(HealthDay)—Younger, taller, and heavier patients who undergo primary total hip replacement (THR) are at a greater risk of needing a revision surgery, according to research published in the December issue of Arthritis Care & Research.
Elizabeth A. Wright, Ph.D., of Brigham and Women's Hospital and Harvard Medical School in Boston, and colleagues used Medicare claims data for 29 states to examine risk factors for revision of primary THR in a sample of 836 beneficiaries (aged 65 and older) who underwent primary THR and 836 matched controls.
Complete information was available for 719 case-control pairs. The researchers found that, in multivariate analysis, factors that correlated with increased odds of revision included patient age ≤75 years at primary surgery (odds ratio [OR], 1.52); height or weight in the highest tertile (OR, 1.40 and 1.66, respectively); cemented femoral component (OR, 1.44); previous contralateral THR (OR, 1.36); other orthopedic surgery (OR, 1.45); and living with others versus living alone (OR, 1.26).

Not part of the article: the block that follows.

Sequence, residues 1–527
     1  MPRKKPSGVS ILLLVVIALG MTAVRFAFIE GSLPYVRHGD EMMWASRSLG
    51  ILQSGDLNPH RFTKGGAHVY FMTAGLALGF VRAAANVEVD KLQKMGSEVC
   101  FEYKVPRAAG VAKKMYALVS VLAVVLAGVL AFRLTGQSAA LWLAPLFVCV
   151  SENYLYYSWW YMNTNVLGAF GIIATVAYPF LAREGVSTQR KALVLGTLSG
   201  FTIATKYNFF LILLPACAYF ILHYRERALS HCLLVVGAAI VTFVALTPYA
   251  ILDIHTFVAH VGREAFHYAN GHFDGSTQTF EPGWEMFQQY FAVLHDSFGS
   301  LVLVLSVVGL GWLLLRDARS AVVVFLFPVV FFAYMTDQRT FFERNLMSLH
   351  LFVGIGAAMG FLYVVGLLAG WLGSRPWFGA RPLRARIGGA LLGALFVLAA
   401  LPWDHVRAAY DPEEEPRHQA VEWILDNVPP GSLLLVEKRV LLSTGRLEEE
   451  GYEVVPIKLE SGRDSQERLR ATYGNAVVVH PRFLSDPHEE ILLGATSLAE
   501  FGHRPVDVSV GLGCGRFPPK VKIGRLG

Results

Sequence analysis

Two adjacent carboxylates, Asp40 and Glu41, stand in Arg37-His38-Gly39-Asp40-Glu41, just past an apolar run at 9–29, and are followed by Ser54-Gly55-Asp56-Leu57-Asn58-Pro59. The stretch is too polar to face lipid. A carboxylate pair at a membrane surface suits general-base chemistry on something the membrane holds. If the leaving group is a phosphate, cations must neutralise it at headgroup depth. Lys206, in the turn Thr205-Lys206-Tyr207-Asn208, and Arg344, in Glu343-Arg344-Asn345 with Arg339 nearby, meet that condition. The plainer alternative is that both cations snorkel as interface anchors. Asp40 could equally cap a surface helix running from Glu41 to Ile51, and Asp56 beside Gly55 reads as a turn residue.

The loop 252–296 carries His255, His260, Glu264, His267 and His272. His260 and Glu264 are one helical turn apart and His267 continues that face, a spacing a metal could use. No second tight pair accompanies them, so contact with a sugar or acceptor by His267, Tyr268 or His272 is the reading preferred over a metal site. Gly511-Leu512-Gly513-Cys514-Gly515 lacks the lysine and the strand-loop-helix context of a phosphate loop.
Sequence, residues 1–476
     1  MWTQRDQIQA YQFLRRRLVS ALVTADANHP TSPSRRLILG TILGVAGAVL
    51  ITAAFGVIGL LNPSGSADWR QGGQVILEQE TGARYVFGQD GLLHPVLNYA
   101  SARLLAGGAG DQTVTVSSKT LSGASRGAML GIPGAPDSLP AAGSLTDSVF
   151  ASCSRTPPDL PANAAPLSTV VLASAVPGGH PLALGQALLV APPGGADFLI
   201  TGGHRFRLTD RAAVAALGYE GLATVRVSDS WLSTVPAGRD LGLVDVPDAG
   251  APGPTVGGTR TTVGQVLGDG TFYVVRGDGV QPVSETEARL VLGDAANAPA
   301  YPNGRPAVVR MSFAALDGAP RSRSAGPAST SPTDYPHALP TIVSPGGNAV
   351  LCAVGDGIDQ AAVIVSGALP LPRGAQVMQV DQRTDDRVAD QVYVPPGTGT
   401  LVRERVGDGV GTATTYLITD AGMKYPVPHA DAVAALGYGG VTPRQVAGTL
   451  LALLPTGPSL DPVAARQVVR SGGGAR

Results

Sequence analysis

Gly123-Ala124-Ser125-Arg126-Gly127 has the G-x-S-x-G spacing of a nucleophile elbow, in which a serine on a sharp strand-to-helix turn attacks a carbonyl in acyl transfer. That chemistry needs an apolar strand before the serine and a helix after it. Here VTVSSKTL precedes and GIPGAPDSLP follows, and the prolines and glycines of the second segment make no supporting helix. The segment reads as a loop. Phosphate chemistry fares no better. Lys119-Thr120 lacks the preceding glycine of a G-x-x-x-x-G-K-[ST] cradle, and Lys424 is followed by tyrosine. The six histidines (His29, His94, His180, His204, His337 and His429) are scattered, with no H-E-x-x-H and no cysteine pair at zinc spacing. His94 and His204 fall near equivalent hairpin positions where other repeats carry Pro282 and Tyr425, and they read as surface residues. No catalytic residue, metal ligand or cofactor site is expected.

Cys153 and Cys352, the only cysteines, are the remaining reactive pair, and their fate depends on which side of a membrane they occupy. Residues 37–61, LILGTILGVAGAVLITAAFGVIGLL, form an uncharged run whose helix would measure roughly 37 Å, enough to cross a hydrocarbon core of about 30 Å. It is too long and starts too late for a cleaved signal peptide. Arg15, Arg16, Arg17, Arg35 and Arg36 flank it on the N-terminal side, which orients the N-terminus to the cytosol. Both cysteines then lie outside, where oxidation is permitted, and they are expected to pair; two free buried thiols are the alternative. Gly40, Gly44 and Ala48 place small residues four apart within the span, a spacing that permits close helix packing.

"This study of a Medicare population emphasizes that age between 65 and 75 years and greater height and weight at the time of the THR are potent risks for failure of THR leading to revision surgery," the authors write. "We conclude that the effects of age and larger body size on revision risk should be included in discussions between surgeons and patients about the potential risk of failure of a primary THR."
One author reported serving as an expert witness for litigation regarding total hip replacement implants.
Explore further: Cholesterol drugs may help improve hip replacement outcomes
Full Text (subscription or payment may be required)